Qufu and Shandong are quite different from everywhere else that we have been. Each place we fly to is slightly warmer than the last but gets colder as we stay, seemingly bringing the cold with us. There are willow trees, making the barren and brown view literally spring to life. There are also some pear trees that are blossoming. Even though the rainfall in Shandong is sporadic, it is well-known for its agriculture. They grow mainly corn and wheat, which we see growing in the incessant terraces that we pass on the two-hour bus ride.

The pollution is definitely better here in Qufu compared to anywhere else we have been so far. You can feel the pressure lifted off your lungs. I noticed one factory on the bus ride. There were factories all around us, throughout the countryside as we traveled from Chongqing to Luzhou, to Leshan and to Chengdu. There appears to be very few trees being planted here but there are also twice as many trees growing here naturally. Planting trees does not seem to be as necessary here because it balances out.

Altogether, Qufu is dry, yet beautiful, just more proof of China’s amazing diversity.

Thank you. Anna. Fun to see how the kids have transitioned to chopsticks and were disappointed with silverware!

Goodbye Chongqing, Hello Qufu!

Qufu is pronounced “choo-foo.” Qufu is known as ”the sacred city.”

During the Zhou Dynasty (1200-221 BC), Qufu was the most cultural city in China. Qufu was the home of Confucius, a famous philosopher (551-479 B.C.), and is well-known for its Confucian Temple, Confucian Forest and Confucian Mansion.

The gang will be visiting these amazing places, as well as many others, during their week-long stay in Qufu. We’ll cover the itinerary in more detail as we roll along. Also, the group will perform at least two times during their stay here.

To start things off, the group spent the morning learning about Confucius. In the photos below, you’ll see Professor Zhang lecturing and interacting with Brandy, Julian, and Bahman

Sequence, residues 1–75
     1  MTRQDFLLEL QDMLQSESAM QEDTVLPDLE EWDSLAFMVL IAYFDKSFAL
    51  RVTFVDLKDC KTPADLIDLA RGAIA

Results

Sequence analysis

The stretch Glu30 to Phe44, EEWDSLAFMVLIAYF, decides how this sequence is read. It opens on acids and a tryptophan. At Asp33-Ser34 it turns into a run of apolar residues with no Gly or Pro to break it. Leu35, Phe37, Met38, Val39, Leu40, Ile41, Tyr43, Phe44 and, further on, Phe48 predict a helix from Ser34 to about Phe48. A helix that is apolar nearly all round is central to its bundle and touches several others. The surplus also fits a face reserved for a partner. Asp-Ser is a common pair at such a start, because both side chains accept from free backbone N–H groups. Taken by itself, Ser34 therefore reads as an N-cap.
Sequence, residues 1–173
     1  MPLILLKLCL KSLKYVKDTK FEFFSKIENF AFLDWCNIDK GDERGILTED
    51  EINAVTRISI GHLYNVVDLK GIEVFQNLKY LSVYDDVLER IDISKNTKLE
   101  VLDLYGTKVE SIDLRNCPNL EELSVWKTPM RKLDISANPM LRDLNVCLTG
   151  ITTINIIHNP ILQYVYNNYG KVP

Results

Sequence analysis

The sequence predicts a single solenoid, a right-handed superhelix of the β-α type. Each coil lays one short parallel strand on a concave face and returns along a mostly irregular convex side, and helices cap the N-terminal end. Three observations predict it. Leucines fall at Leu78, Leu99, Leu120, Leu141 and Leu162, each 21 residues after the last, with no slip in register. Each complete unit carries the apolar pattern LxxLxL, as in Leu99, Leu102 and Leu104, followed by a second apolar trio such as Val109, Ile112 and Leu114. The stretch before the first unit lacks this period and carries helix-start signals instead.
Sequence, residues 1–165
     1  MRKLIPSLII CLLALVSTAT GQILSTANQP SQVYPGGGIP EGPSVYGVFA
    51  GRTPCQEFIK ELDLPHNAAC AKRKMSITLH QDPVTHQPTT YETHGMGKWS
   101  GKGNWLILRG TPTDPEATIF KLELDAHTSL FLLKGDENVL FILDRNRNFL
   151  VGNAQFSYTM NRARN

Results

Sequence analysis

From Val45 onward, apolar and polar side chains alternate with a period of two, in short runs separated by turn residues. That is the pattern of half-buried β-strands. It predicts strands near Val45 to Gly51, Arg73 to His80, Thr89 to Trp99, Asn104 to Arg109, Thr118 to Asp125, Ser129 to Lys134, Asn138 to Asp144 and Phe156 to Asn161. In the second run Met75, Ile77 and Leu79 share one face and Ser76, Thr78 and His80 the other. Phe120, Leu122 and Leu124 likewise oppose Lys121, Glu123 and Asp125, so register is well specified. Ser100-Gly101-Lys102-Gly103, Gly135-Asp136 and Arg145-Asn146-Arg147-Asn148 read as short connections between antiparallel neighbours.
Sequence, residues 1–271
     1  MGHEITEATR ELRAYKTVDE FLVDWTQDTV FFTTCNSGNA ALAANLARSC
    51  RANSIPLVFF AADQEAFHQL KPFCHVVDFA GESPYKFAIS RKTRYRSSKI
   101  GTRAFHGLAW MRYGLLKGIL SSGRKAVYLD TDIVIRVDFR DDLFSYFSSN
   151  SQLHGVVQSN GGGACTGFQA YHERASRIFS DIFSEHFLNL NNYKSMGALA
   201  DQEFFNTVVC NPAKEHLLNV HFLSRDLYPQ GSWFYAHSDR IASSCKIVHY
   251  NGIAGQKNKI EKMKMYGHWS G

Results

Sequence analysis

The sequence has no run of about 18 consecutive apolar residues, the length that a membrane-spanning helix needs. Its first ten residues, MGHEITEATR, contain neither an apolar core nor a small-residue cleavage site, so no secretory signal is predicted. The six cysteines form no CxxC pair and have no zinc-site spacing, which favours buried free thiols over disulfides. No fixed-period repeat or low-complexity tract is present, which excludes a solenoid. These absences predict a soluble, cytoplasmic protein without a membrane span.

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Next up was the calligraphy class. This is always a winner and has been a tradition in all of the journeys. Here you’ll see everyone “trying” to write Chinese symbols.

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I’ll bet there is ink everywhere! From the expressions on everyone’s faces, this looks most challenging!

You too can learn to write these characters. Here are a couple of places for you to visit. The first one is pretty cool as you watch the characters being drawn, one stoke at a time.

And here you can see what your name looks like in Chinese:

Qufu is a very special place. Not only because of the Confucius connection and the the chance to perform, but the people are so welcoming. Visiting Qufu is like coming home to visit family and old friends. Everyone in Qufu tries so hard to help our Journey East group with whatever is needed. Qufu is a very special place -- simply because of the wonderful people!

Here is a short article on Easter holiday in Chinese Culture. So, enjoy your Easter and we’ll join up with these guys later on . . .

Remember: Don’t put all your eggs in one basket!


[JE2010] [April 3] [April 4] [April 5]

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Program Director: Tom Connor
webmaster/narrator: John Reinhardt